Kohn: The Poor Get Worksheets
Sarah Lahm, Minnesota 2020, March 3, 2014 – Can we reframe education conversations, in Minnesota and beyond, by talking about students’ achievements, rather than student achievement?
That is one vital question I took away from a recent visit, by Alfie Kohn—an author and lecturer on human behavior, education, and parenting—to Macalester College.
Kohn always packs a punch, and this visit was no exception. When speaking about the six most “fatal flaws” of education policies such as No Child Left Behind (NCLB) and the Obama administration’s Race to the Top, Kohn zeroed in on what he thinks are the policies’ “dark undertones.”
These policies’ persistence for example, in creating schools where everything hinges on “student achievement,” as measured by standardized test scores, guarantees that a certain number of students will fail, and that “there will always be losers.” Kohn reinforced the increasingly obvious point that the students who tend to fail under this system come from the vocational track, or low-income families. Often, they are also students of color, as well as Special Education students, and students whose first language is not English. They are students who, for whatever reason, are least acclimated to the dominant culture’s value system and methods of constructing and measuring knowledge.
In Kohn’s view, this system then guarantees that white, affluent, English speakers are always ahead of the game, and it is their version of success that sets the standard for everyone else. Kohn even went so far as to say that the current standardized education system we offer students amounts to “educational ethnic cleansing in America.”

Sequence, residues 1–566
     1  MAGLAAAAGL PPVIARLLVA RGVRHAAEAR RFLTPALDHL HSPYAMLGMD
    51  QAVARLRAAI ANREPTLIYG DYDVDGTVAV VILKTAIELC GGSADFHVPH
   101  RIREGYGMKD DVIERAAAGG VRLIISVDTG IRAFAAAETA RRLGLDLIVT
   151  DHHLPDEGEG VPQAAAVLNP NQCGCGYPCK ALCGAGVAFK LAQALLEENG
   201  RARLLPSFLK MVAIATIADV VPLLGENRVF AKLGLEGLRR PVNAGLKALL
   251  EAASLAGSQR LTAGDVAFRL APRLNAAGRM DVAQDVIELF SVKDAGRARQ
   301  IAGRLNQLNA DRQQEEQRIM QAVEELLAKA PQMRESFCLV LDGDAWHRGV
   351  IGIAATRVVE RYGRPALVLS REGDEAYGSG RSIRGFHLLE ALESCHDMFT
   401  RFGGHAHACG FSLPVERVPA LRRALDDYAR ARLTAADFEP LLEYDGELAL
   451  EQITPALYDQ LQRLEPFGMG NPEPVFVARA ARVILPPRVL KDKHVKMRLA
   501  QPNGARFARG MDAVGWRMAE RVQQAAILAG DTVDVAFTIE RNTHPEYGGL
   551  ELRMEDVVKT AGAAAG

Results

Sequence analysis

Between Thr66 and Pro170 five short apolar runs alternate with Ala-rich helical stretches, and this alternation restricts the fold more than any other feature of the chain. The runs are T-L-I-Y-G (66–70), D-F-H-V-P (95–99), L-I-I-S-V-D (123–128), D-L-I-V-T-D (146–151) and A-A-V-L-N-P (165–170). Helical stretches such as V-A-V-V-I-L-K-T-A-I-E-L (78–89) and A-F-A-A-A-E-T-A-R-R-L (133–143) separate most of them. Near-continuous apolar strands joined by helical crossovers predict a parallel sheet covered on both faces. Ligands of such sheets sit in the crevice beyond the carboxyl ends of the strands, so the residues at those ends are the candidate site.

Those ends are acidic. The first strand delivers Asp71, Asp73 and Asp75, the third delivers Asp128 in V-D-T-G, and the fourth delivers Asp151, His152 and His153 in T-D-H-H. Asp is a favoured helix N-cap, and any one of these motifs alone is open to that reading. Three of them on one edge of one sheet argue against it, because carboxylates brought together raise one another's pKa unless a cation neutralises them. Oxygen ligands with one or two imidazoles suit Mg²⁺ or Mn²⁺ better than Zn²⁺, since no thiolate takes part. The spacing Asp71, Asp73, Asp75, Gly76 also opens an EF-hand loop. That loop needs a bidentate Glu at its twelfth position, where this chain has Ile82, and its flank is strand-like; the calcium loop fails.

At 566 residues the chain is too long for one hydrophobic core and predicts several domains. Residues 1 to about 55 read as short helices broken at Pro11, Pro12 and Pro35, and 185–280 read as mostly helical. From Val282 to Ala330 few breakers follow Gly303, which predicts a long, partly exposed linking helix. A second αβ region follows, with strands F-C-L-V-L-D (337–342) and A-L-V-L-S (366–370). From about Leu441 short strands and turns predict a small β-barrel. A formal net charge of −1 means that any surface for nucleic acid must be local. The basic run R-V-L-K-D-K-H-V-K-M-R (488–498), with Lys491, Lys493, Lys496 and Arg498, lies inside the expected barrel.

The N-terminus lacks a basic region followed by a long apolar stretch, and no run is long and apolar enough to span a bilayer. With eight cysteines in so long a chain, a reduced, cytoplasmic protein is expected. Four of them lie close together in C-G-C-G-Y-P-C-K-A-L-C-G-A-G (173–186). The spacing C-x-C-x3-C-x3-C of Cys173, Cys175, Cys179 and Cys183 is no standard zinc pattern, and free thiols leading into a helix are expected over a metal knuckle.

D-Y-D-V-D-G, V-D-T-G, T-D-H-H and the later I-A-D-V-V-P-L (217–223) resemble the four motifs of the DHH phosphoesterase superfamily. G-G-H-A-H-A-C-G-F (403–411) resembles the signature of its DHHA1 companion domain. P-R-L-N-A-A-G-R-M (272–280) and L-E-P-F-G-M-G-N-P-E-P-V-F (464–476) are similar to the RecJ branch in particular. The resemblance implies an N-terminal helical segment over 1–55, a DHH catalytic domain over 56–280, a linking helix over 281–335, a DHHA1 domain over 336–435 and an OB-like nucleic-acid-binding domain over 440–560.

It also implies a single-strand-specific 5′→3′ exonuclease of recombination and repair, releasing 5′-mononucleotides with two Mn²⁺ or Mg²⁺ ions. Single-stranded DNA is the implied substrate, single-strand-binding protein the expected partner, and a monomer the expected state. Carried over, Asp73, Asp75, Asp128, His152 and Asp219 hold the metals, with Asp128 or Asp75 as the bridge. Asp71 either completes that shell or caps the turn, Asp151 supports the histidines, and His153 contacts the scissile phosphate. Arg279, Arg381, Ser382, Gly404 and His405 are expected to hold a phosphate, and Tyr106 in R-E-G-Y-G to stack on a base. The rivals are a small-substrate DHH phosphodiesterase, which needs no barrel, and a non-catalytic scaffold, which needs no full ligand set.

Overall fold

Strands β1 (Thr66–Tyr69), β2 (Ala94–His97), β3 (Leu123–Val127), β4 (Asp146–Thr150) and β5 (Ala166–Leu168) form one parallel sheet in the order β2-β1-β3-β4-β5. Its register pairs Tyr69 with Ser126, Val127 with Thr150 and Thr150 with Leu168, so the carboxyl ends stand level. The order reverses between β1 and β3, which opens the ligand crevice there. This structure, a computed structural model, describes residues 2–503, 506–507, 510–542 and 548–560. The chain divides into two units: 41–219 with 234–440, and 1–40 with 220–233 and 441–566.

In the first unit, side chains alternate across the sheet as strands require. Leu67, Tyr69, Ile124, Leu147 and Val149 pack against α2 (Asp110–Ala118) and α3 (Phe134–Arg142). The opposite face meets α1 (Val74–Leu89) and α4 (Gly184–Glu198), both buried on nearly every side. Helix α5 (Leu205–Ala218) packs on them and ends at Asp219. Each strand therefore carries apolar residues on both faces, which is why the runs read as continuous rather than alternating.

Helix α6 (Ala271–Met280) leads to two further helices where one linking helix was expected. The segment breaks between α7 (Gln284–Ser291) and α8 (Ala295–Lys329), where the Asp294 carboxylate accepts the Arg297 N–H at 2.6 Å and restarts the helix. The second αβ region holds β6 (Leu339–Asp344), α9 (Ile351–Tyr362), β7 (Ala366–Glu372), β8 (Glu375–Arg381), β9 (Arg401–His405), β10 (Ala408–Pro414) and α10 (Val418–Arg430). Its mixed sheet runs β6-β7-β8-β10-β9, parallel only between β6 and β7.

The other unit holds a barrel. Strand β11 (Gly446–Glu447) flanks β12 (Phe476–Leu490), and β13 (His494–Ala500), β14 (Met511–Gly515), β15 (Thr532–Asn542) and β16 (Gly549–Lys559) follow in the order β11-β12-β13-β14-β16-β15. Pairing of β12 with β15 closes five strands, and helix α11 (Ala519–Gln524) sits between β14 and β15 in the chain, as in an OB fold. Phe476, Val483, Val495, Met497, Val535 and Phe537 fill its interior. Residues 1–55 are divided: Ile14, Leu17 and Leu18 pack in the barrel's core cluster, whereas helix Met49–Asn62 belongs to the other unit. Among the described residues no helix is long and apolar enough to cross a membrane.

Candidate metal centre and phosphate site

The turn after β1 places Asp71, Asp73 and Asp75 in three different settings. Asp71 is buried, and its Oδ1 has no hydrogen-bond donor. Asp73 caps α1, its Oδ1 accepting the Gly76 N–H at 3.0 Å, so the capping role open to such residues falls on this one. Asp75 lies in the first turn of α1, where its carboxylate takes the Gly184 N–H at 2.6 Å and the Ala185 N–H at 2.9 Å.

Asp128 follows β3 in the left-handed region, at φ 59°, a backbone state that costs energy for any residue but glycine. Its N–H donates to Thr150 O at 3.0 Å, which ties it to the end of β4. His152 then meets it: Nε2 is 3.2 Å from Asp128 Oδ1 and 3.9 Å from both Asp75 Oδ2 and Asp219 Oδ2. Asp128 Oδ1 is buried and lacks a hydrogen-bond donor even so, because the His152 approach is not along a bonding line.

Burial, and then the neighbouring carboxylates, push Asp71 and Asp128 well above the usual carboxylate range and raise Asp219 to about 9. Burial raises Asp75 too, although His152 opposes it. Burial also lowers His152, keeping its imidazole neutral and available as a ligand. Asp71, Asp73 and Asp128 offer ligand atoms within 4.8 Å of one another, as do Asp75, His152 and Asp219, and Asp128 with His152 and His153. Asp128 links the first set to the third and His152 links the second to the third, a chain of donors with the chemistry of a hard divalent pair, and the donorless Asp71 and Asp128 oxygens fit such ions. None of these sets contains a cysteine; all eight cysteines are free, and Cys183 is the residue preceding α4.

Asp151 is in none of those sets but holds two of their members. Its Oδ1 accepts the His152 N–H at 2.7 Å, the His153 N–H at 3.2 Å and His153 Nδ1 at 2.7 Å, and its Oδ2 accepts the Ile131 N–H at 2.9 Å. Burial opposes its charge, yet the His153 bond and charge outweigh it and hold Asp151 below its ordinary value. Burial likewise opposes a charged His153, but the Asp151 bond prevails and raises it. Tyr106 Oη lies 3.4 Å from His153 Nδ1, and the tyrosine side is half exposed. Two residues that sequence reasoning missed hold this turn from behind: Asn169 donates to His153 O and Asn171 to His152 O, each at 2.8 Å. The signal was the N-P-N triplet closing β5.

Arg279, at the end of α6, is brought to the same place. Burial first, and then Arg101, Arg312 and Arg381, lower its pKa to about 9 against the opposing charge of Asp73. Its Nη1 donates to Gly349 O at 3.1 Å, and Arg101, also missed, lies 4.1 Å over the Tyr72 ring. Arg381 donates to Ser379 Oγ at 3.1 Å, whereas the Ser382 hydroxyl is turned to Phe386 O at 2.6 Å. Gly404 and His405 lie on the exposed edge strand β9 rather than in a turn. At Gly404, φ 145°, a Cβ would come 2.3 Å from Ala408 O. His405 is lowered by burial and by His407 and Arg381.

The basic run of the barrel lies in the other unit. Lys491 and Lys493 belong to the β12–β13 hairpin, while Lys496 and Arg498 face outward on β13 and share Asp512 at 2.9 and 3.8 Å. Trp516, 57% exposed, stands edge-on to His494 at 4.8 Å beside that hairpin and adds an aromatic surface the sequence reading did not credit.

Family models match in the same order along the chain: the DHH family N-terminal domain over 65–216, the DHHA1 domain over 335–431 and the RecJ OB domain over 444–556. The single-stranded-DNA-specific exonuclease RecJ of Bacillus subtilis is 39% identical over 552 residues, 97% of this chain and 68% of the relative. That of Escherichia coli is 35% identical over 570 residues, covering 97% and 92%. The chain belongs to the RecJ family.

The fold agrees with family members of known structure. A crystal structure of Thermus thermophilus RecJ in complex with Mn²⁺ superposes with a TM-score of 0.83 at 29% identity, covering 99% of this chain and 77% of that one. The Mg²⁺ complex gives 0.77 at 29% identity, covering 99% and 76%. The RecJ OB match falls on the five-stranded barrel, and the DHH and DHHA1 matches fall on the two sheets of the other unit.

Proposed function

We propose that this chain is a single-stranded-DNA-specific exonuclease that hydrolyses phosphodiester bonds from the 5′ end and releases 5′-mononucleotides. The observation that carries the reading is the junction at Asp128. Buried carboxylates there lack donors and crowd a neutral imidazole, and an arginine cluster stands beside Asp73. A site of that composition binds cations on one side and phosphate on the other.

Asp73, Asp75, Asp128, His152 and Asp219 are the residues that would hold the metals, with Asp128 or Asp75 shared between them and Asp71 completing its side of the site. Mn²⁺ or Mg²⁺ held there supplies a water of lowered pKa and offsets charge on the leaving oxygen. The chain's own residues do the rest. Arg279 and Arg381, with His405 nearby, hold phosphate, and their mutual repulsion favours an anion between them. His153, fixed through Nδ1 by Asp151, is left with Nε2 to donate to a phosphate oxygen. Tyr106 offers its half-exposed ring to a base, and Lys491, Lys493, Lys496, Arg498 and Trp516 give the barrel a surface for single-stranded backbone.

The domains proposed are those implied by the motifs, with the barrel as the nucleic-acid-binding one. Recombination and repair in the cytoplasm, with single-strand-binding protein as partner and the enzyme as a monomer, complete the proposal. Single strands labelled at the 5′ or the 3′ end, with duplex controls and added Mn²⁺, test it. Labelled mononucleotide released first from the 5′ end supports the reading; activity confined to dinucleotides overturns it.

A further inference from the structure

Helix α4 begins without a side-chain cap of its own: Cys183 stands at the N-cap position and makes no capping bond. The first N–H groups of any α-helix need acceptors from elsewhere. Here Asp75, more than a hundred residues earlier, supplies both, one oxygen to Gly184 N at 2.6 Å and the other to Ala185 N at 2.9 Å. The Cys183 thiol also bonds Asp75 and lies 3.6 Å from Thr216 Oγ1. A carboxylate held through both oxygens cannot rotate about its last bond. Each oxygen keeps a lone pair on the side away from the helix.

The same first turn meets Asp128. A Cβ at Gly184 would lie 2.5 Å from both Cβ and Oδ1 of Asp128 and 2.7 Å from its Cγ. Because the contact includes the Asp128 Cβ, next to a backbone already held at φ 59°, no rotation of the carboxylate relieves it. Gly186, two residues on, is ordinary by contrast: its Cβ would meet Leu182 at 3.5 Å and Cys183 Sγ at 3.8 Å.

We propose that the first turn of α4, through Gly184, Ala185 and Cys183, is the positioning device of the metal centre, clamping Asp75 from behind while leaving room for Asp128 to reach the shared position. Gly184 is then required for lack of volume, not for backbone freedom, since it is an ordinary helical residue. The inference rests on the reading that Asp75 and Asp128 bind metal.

Pushing all students to get higher scores on standardized tests, Kohn said, “measure[s] what matters the least” in education, such as rote memorization and test-taking skills.
Instead, Kohn asked those in the packed room to think about paying attention to “students’ achievements.” For Kohn, real achievement and deep thinking come from interdisciplinary, project-based learning, and is far more likely to produce meaningful, life-long growth for students. It is important, Kohn said, to call attention to the “unethical” ranking of schools according to test scores in order to create an authentic culture of learning.
In a world where it is often true, as Kohn aptly put it, that “the rich get richer, and the poor get worksheets,” it would behoove those who create, implement, or uphold education policy to consider this gem from Kohn: “Of all the chasms that separate one world from another, none is greater than the gap between the people who make policy and the people who suffer the consequences.”